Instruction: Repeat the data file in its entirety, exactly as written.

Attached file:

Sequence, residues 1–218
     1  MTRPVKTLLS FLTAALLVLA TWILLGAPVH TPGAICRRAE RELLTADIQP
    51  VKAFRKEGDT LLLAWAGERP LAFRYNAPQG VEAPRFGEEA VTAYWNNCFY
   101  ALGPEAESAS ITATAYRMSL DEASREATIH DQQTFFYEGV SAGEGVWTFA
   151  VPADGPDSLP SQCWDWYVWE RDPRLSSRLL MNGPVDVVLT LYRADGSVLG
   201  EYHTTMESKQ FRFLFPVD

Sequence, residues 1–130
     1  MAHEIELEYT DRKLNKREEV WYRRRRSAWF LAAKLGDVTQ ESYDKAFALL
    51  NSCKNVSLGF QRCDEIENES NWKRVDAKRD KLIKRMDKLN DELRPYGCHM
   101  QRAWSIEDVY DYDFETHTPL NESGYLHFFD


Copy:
Sequence, residues 1–218
     1  MTRPVKTLLS FLTAALLVLA TWILLGAPVH TPGAICRRAE RELLTADIQP
    51  VKAFRKEGDT LLLAWAGERP LAFRYNAPQG VEAPRFGEEA VTAYWNNCFY
   101  ALGPEAESAS ITATAYRMSL DEASREATIH DQQTFFYEGV SAGEGVWTFA
   151  VPADGPDSLP SQCWDWYVWE RDPRLSSRLL MNGPVDVVLT LYRADGSVLG
   201  EYHTTMESKQ FRFLFPVD

Sequence, residues 1–130
     1  MAHEIELEYT DRKLNKREEV WYRRRRSAWF LAAKLGDVTQ ESYDKAFALL
    51  NSCKNVSLGF QRCDEIENES NWKRVDAKRD KLIKRMDKLN DELRPYGCHM
   101  QRAWSIEDVY DYDFETHTPL NESGYLHFFD